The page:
CHICAGO -- A mastery of information technology may be critical to the process of bringing products to market, but its effectiveness can be severely limited if the brand marketer doesn't get its retailer relationships right.
This point of view informs recent efforts by the National Housewares Manufacturers Association to develop what it calls its "Great Performance Alliances" initiative. GPA was a central theme at the NHMA's International Housewares Show here last month.
"By not understanding and taking the customer into account, you are losing business. Customers drive profits," said Thom Blischok, managing partner of Coopers & Lybrand's retail consulting practice. He made his remarks in a keynote presentation at the show, entitled, "Great Performance Alliances: A Powerfully Different Way of Doing Business."
NHMA first introduced this new acronym, GPA, to housewares marketers' vocabulary last Fall, in an effort to raise awareness among its member companies about the business benefits of relationship building and interpersonal communications.
At its expo here the NHMA showed the first copies of its newly- published GPA Best Practices Manual and announced a formal education and certification program which should commence by April of this year.
While it shares many similar intentions with the grocery industry's Efficient Consumer Response initiative, GPA will differ markedly in its emphasis -- especially when it comes to technology, said Tom Conley, executive director and chief operating officer of NHMA.
"Our focus is to get people to change their business practices," Conley said in an interview. He stressed technology would be a comparatively small portion of the GPA process.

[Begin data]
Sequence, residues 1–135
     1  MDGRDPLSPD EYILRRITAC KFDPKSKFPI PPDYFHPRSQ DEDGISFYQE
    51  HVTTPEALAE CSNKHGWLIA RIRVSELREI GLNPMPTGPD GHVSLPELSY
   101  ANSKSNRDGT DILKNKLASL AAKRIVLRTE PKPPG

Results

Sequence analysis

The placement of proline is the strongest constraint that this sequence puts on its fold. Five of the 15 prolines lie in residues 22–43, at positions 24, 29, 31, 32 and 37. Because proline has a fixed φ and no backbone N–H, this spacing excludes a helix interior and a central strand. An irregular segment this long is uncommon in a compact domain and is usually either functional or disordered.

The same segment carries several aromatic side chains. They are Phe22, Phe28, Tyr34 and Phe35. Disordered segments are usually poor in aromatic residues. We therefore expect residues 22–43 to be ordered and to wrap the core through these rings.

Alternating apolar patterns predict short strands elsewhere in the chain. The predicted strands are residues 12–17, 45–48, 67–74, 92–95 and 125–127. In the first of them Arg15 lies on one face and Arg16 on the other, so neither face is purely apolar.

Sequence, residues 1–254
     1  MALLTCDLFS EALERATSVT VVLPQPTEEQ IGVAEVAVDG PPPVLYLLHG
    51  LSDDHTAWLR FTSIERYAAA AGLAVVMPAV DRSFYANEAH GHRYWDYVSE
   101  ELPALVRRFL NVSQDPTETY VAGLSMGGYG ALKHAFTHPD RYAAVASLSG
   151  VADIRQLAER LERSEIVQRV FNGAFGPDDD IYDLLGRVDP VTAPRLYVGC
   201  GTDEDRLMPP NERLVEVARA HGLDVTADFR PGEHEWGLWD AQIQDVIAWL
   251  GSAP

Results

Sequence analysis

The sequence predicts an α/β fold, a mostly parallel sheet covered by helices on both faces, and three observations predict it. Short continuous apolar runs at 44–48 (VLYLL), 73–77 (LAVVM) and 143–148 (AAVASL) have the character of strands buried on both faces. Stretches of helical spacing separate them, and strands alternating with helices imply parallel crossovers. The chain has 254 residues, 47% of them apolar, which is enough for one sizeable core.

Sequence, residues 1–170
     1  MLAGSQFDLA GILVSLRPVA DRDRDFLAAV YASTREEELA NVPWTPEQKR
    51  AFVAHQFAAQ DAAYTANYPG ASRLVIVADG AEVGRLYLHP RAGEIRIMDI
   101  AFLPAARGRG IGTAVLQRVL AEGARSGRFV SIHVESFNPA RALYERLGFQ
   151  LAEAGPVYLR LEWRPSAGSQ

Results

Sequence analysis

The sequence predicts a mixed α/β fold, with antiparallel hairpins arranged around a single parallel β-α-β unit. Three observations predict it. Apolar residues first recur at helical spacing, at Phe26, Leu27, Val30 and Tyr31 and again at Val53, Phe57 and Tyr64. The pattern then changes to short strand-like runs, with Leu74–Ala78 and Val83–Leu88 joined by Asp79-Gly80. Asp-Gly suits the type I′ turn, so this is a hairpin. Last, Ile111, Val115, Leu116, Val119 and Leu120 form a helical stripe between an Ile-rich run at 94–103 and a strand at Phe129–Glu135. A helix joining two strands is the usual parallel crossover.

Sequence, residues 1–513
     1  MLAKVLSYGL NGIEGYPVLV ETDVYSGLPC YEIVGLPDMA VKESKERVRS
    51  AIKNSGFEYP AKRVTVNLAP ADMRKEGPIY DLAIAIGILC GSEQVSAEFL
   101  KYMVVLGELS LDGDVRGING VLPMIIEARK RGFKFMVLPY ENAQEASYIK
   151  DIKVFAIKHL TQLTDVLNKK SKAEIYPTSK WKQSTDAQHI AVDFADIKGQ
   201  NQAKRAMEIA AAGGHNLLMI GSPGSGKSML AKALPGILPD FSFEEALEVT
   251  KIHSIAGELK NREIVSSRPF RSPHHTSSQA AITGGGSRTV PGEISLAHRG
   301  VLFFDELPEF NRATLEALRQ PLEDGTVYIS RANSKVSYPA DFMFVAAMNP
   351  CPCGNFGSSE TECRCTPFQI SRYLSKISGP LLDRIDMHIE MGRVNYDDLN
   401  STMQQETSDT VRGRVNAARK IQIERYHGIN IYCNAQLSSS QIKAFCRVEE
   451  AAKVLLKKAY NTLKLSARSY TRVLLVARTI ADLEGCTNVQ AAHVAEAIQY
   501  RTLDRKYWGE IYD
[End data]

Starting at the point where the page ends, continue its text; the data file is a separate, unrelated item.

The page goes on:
This point of view was emphasized in Blischok's presentation as well. To illustrate, he discussed several shortcomings of Electronic Data Interchange as it has been practiced since the ECR model was introduced.
Said Blischok, "Retailers have spent millions of dollars on EDI. Today with all of our sophistication and all the money we've spent, about 70% of our EDI transactions require manual intervention."
He maintained that the EDI strategy is not working because, "We aren't communicating about the fundamentals of what EDI can do for us."
Added Conley, "If there are deviations from the norm, and people are changing things like deductions and allowances at the last minute, and it doesn't flow, then all the EDI in the world isn't going to help."
NHMA is hoping that through education, GPA will bring needed standardization to the business practices of the housewares industry. Like other fast-moving consumer goods sectors, housewares continues to battle a paradox, said Blaschok.
"Even with all the excess merchandise in the supply chain, the retailer's No. 1 problem continues to be out-of-stocks," he said. Out-of-stock levels range from 6% to 9% in mass retailing, to 12% to 15% in discount retailing, to above 20% in promotional retailing, he said.
"Efforts to optimize inventory in the supply chain, with EDI as a first step tool, are meeting with mixed results," said Blischok.
Key reasons for high levels of manual intervention he said, include: mismatch of pricing and promotion; mismatch of invoice or bill of lading with the order; non-compliance to delivery date or time; and misunderstandings about the so-called "basic deal."
The last source of intervention, he described as "the infamous sliding allowance," and added that all the factors he listed might be mitigated by better communications.
From his research, Blischok cited six key retailer-manufacturer issues and three key consumer issues that housewares marketers must learn to deal with. On the trade relations side, those include: better trust level, higher in-stocks, more-accurate forecasting, deductions, compliance and returns.
On the consumer side he enumerated: higher in-stocks, liberal return policy, and higher, better value.
In implementing GPA, the NHMA will target vertical retail channels, said Conley. He said presentations are planned this year at meetings of the General Merchandise Distributors Council, National Association of Chain Drug Stores, and International Mass Retailers Association.
Conley said NHMA is trying to take GPA "one step further than ECR," by providing formal training through the certification program.
The NHMA expected to have a model curriculum ready for testing by February, and it will begin offering formal training programs by this fall.